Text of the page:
The paper was published in Volume 1 Issue 4 of LLIDS.
The expansion in scientific knowledge and the reformulation of cultural and social boundaries, norms, and perceptions, have led to the rethinking of several notions that have governed sociality for centuries; the aspect of suicide, and thereby the conventional response to the suicidal, nevertheless still tend to retain the burnt aftertaste of fear and revulsion that characterised social and cultural perceptions regarding this phenomenon. Suicide is located at the interstices of many areas of thought, all of which have tried to think about and reflect upon this complex phenomenon. Literature is concerned not merely with thinking about suicide but is also concerned, more importantly, with the problem of expressing the seemingly inexpressible, of narrativizing the mute and often misunderstood pain and suffering of the suicidal. This paper would like to examine David Foster Wallace’s reflections on narrativizing the suicidal in his novel Infinite Jest (1997) and attempt to read it alongside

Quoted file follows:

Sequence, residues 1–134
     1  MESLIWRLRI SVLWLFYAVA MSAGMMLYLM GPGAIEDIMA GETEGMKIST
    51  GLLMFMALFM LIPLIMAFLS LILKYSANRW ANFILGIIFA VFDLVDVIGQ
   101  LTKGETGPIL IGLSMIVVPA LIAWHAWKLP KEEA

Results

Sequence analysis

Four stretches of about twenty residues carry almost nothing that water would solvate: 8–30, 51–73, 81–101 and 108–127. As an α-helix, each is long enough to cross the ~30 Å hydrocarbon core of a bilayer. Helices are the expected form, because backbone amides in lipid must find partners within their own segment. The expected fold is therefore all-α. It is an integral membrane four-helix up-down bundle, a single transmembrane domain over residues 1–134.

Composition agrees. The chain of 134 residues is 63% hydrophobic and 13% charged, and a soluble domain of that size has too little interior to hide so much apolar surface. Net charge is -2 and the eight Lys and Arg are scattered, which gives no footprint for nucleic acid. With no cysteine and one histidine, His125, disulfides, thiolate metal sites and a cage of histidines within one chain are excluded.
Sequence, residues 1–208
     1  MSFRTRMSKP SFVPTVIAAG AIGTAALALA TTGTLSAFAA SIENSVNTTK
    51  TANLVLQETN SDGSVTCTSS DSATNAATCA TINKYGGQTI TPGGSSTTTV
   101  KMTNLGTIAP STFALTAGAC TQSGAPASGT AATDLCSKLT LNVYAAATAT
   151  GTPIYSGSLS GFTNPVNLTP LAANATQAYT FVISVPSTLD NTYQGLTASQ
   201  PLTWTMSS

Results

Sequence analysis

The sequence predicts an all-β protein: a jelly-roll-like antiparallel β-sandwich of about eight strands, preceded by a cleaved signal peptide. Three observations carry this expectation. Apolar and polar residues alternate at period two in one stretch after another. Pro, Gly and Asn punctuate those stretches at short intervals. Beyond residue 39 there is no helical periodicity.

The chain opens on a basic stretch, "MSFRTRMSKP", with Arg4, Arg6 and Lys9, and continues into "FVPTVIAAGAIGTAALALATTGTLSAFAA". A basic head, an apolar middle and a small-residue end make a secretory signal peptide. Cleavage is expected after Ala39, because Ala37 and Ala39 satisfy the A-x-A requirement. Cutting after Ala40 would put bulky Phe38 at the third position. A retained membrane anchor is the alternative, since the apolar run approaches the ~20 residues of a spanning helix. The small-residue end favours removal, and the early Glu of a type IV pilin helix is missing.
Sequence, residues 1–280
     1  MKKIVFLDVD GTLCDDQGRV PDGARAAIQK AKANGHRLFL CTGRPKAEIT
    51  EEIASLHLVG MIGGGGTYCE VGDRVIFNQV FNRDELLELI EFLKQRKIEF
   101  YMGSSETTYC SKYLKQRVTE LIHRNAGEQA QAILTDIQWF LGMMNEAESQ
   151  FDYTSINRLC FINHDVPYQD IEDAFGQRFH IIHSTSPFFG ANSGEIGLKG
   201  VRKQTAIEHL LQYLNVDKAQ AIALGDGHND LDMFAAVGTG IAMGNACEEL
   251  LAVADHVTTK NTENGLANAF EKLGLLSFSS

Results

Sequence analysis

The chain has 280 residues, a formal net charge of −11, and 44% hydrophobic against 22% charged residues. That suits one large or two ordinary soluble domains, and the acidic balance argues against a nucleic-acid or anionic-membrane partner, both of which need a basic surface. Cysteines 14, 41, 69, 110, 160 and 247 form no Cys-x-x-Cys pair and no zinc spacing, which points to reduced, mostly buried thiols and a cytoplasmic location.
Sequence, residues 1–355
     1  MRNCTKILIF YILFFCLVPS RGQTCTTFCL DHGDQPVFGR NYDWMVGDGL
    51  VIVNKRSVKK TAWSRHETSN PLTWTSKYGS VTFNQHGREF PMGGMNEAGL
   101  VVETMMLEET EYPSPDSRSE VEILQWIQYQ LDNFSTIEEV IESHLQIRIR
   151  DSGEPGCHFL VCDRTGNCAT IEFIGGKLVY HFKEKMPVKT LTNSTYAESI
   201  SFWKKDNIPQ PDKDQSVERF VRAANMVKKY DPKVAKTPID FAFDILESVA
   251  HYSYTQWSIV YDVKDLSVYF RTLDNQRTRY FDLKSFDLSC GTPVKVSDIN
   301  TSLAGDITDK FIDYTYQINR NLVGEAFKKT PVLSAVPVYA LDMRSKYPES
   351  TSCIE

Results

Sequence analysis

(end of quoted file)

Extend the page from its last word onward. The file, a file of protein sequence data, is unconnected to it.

notions of rationality and virtue through a framework borrowed from Thomas Joiner’s The Perversion of Virtue: Understanding Murder-Suicide (2014).